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Advice about the SAT & PSAT
My 11th-grade daughter just bombed the PSATs. How do I cope with this ? What do I say when she gets back from prep school (in a week) ? Her grades are excellent, but she certainly did not inherit my test-taking genes. I've only dealt with her academic success so far, not with this particular shortcoming. What do I do if she can't end up at an Ivy League college, even after working hard ? Worried Mom.
You say that you are worried about how to cope if she doesn't get into an Ivy League school. What is that about? The Ivy League is a group of schools in the same athletic conference; they are certainly not the only schools that provide academic excellence. You seem overly focused on a brand name educational achievement for your daughter. Please take a look around and notice that many of the brilliant people you know did not go to Ivy League colleges. It's also true that entry to the Ivy League does not guarantee life success or happiness.
I value academic success and hard work and want my kid to go to the best colleges they can get into, but I really don't understand your point of view. It seems that you are setting up yourself and your daughter for a lot of dissatisfaction. I hope she can get advice from adults in her life whose estimation of her worth doesn't fall precipitously when one test score isn't up to snuff. Yes, I know I'm Judgmental About the Fact You're So Judgmental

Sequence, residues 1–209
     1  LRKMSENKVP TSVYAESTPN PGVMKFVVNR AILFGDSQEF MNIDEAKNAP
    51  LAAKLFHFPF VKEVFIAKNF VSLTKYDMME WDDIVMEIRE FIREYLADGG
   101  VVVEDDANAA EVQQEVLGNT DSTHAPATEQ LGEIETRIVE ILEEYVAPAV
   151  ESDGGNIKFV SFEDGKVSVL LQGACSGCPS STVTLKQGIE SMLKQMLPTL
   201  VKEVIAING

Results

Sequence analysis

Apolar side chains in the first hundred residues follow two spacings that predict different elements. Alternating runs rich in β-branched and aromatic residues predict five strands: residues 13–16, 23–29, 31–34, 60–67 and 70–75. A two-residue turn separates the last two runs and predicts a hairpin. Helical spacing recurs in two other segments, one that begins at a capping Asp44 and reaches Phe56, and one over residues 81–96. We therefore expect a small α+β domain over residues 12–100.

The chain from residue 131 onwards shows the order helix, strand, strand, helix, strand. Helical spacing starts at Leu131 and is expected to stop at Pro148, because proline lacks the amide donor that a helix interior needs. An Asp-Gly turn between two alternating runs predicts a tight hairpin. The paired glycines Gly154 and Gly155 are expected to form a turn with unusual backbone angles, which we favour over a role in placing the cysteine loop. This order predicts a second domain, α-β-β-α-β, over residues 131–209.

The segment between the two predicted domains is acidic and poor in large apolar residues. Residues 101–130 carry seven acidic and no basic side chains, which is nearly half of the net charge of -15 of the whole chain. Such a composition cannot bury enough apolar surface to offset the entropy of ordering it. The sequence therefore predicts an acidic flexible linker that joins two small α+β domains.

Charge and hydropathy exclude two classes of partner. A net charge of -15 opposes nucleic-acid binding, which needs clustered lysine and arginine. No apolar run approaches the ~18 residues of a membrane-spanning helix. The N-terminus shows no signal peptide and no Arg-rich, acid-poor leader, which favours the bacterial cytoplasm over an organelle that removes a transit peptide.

In addition, does she want to go to an Ivy League school or do you want her to? Why, honestly? I ask this as both the mother of a teen who had the opposite configuration (top test scores; mediocre grades for refusing to do homework) and an Ivy League professor who also serves as freshman advisor and in graduate admissions in my university. I see many, many different kinds of students every cohort, including kids like your daughter.
From what little I know of genetics, only intelligence is innate -- the other two can be learned and even mimicked behaviors. Kids in this country are increasingly being taught to follow formulas to ''success'' that range from how to construct perfect -- albeit usually unoriginal -- essays to how to reach the correct answers on a test sheet. Although rewarded by high grades and test scores, neither of these activities measure actual ''brilliance.''
Moreover, did you know that test scores are not the paramount admissions consideration in many Ivy League universities? This is because we recognize that test-taking abilities, academic brilliance, intelligence are not the same thing. In fact, a kid with a perfect test score, grades and a high IQ might prove a less attractive candidate to a college admissions committee than another one whose grades and tests were ok, but whose sparkling mind shows through in an essay, art, scientific work, a performance, activism -- whatever.